Husbands, love your wives, just as Christ loved the church and gave himself up for her to make her holy, cleansing her by the washing with water through the word, and to present her to himself as a radiant church, without stain or wrinkle or any other blemish, but holy and blameless. In this same way, husbands ought to love their wives as their own bodies. He who loves his wife loves himself. After all, no one ever hated his own body, but he feeds and cares for it, just as Christ does the church— for we are members of his body. "For this reason a man will leave his father and mother and be united to his wife, and the two will become one flesh." This is a profound mystery—but I am talking about Christ and the church. However, each one of you also must love his wife as he loves himself, and the wife must respect her husband. (Ephesians 5:22-33)

Covenant seems to be an example of the analogia entis, of the enlightening similarities which exist between God and His creation. We begin to understand the faithfulness which exists in God's own nature as we observe His faithfulness to His people through history, but also as we experience the faithfulness of one spouse to another in marriage.

Christian thinkers have universally understood marriage in this way, as a human covenant of divine origin, which is thus a suitable image of the covenantal relationship between God and His people. They have differed as to whether it is a sacrament or merely a divine institution, but none have sought to disagree with Paul's assessment that it is a mystery and a symbol of Christ's love for the Church.

If the husband die, with whom a true marriage was made, a true marriage is now possible by a connection which would before have been adultery. Thus between the conjugal pair, as long as they live, the nuptial bond has a permanent obligation, and can be cancelled neither by separation nor by union with another. But this permanence avails, in such cases, only for injury from the sin, not for a bond of the covenant. In like manner the soul of an apostate, which renounces as it were its marriage union with Christ, does not, even though it has cast its faith away, lose the sacrament of its faith, which it received in the laver of regeneration. (Augustine, On Marriage and Concupiscence)

Matrimony is instituted both as an office of nature and as a sacrament of the Church. As an office of nature it is directed by two things, like every other virtuous act. One of these is required on the part of the agent and is the intention of the due end, and thus the "offspring" is accounted a good of matrimony; the other is required on the part of the act, which is good generically through being about a due matter; and thus we have "faith," whereby a man has intercourse with his wife and with no other woman. Besides this it has a certain goodness as a sacrament, and this is signified by the very word "sacrament." (Thomas Aquinas, Summa Theologica)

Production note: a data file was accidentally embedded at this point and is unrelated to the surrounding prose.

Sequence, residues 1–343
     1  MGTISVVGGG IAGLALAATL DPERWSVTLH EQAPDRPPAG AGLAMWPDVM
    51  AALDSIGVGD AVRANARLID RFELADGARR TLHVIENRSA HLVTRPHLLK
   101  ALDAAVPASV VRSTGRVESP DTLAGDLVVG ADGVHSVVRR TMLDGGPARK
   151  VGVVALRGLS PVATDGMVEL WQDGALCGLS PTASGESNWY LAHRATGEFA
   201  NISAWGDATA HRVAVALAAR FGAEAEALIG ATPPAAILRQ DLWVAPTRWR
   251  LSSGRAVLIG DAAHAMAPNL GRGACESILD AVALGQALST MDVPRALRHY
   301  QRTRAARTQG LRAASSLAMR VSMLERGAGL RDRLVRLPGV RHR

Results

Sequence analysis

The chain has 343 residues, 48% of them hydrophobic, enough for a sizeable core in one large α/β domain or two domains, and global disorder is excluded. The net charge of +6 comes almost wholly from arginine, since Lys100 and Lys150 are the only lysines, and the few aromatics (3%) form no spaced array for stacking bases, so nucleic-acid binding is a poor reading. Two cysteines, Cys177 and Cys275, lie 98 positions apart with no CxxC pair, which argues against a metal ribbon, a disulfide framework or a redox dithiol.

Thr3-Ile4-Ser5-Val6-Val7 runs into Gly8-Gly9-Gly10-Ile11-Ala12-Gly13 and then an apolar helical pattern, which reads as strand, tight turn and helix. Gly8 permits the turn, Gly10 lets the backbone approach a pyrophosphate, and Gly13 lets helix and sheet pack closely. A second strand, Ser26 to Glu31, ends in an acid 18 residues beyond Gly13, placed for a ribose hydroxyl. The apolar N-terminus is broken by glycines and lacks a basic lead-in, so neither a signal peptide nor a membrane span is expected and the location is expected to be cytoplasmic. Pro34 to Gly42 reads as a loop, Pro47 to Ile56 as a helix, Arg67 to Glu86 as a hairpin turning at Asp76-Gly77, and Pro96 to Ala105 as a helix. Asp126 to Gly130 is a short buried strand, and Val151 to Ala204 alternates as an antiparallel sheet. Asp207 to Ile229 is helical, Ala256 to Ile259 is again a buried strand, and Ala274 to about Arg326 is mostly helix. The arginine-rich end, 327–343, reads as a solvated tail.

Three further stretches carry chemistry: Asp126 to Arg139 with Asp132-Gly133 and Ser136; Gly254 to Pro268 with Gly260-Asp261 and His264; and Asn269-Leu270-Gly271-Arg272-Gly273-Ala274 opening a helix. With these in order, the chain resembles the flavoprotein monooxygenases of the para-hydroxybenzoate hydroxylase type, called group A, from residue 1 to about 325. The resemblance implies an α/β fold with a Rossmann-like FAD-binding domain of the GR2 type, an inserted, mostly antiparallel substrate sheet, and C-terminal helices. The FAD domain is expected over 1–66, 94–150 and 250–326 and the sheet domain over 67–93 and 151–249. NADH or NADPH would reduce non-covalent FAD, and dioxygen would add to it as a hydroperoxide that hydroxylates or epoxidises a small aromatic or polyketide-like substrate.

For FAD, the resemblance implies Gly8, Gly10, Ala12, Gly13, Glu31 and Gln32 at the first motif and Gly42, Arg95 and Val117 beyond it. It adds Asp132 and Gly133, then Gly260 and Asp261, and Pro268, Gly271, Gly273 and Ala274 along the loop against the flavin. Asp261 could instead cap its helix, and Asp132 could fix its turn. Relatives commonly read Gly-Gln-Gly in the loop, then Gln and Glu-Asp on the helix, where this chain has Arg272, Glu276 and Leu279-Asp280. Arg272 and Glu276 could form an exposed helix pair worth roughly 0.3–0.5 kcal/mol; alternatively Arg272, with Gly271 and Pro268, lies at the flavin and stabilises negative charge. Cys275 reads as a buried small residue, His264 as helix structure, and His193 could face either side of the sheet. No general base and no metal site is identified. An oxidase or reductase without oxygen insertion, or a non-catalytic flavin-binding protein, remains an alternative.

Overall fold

The third incomparable grace of faith is this, that it unites the soul to Christ, as the wife to the husband; by which mystery, as the Apostle teaches, Christ and the soul are made one flesh. Now if they are one flesh, and if a true marriage—nay, by far the most perfect of all marriages—is accomplished between them (for human marriages are but feeble types of this one great marriage), then it follows that all they have becomes theirs in common, as well good things as evil things; so that whatsoever Christ possesses, that the believing soul may take to itself and boast of as its own, and whatever belongs to the soul, that Christ claims as his. (Luther, First Principles of the Reformation)

But in order to press the matter more on the priests, he calls their attention to the fact that God is the founder of marriage. Testified has Jehovah, he says, between thee and thy wife. He intimates in these words, that when a marriage takes place between a man and a woman, God presides and requires a mutual pledge from both. Hence Solomon, in Proverbs 2:17, calls marriage the covenant of God, for it is superior to all human contracts. (Calvin, Commentary on Malachi)

It is the divine intention that persons entering the marriage covenant become inseparably united, thus allowing for no dissolution save that caused by the death of either husband or wife. (Westminster Confession of Faith)

In this covenant of grace, we may see the cream of God's love, and the working of his bowels to sinners. This is a marriage covenant. "I am married to you, saith the Lord." (Thomas Watson, Body of Divinity)

In addition to marriage, the Bible also provides various resources for thinking more specifically about sex. Its approach is surprisingly multifaceted, much more so than many modern thinkers. Sex is for procreation (Genesis 2:28), for pleasure (1 Corinthians 7:5, the entire Song of Solomon), and for comfort (Genesis 24:67; 2 Samuel 12:24). But primarily, sex is explained as the sign and seal of the marriage covenant, and in this way, sexual fidelity is a symbol or image of God's covenantal faithfulness to us.